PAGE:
Your Boss Swears Your Job is Perfectly Safe

Lindsay Beyerstein November 17, 2009

We’re accus­tomed to read­ing sta­tis­tics from the fed­er­al Occu­pa­tion­al Safe­ty and Health Admin­is­tra­tion about work­place injuries. Every year, for instance, there are 4 mil­lion work-relat­ed injuries.

But ever won­der where OSHA gets those numbers?

Accord­ing to a new report by the Gov­ern­ment Account­abil­i­ty Office, the Depart­ment of Labor and OSHA may not be doing enough to make sure these num­bers reflect real­i­ty. For one thing, inspec­tors don’t always talk to the work­ers they’re sup­posed to be protecting.

OSHA gets its infor­ma­tion about work­place acci­dents and injuries from employ­ers. Employ­ers have incen­tives to down­play injuries on their job sites. A high injury rate makes a com­pa­ny look bad. Report­ing too many injuries could open the door to a law­suit or an inves­ti­ga­tion. (See below for a new video from Brave New Foun­da­tion on the fatal effects of lax enforce­ment of OSHA regulations.)

Most peo­ple are hon­est, but real­is­ti­cal­ly, there will always be a cer­tain num­ber of bad actors who game the sys­tem and slack­ers who only make a half-assed effort. The bias is toward under­re­port­ing: cheaters could be arti­fi­cial­ly dri­ving down injury sta­tis­tics or the whole country.

To help keep employ­ers hon­est, OSHA audits about 250 of the 130,000 high-haz­ard work­sites that it mon­i­tors. The audi­tors check to make sure that the auditee’s reports to the gov­ern­ment square with the com­pa­nies’ inter­nal records. But those audits won’t catch employ­ers who don’t record injuries in the first place. Maybe work­ers aren’t telling their boss­es about inci­dents because they’re afraid of being penal­ized. Or maybe they are telling man­age­ment and man­age­ment isn’t writ­ing it down.

GAO found that OSHA doesn’t rou­tine­ly inter­view work­ers. This is part­ly because there is a two-year lag between the audit peri­od and the time the inspec­tors show up. By that point, work­ers may not remem­ber, or they may no longer be work­ing at the same job.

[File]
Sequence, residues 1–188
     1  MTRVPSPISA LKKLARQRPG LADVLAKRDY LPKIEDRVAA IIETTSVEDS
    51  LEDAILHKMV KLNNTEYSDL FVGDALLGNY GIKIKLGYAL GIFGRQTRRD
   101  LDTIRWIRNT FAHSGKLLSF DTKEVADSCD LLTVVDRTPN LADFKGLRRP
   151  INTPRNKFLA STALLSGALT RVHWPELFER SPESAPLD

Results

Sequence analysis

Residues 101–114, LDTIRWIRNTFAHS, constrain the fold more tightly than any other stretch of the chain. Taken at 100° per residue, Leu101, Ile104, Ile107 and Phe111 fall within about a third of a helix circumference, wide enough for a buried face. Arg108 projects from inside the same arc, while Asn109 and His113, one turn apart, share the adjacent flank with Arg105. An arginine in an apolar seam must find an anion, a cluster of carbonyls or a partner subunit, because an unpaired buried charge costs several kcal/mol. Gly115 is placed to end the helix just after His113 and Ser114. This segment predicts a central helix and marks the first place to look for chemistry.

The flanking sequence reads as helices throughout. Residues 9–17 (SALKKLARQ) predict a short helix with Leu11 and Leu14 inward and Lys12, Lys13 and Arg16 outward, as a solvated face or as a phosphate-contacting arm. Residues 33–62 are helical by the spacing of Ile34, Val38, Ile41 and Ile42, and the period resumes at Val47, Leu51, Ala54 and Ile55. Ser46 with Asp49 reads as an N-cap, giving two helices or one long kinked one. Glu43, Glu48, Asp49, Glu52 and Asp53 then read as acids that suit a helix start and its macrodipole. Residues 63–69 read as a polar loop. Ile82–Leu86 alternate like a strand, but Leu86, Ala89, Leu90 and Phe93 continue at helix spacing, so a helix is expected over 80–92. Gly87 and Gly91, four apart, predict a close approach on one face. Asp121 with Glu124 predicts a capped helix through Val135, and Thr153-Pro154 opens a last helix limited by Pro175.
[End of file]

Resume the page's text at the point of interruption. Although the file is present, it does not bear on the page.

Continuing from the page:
The report rec­om­mends that OSHA rou­tine­ly inter­view work­ers about safe­ty and min­i­mize the lag between the time an inci­dent is report­ed and the time OSHA inspec­tors show up.

The rec­om­men­da­tions sec­tion doesn’t specif­i­cal­ly address what OSHA should do to make ran­dom audits more effec­tive. All the advice is geared toward inves­ti­gat­ing inci­dents that have been report­ed. You’d think that they’d be at least as wor­ried about employ­ers that haven’t report­ed injuries.

And here’s 16 Deaths Per Day,” the new five-minute video from Brave New Foun­da­tion about the weak laws pro­tect­ing U.S. work­ers from on-the-job injuries — and death:

Lind­say Bey­er­stein is an award-win­ning inves­tiga­tive jour­nal­ist and In These Times staff writer who writes the blog Duly Not­ed. Her sto­ries have appeared in Newsweek, Salon, Slate, The Nation, Ms. Mag­a­zine, and oth­er pub­li­ca­tions. Her pho­tographs have been pub­lished in the Wall Street Jour­nal and the New York Times’ City Room. She also blogs at The Hill­man Blog (http://​www​.hill​man​foun​da​tion​.org/​h​i​l​l​m​a​nblog), a pub­li­ca­tion of the Sid­ney Hill­man Foun­da­tion, a non-prof­it that hon­ors jour­nal­ism in the pub­lic interest.
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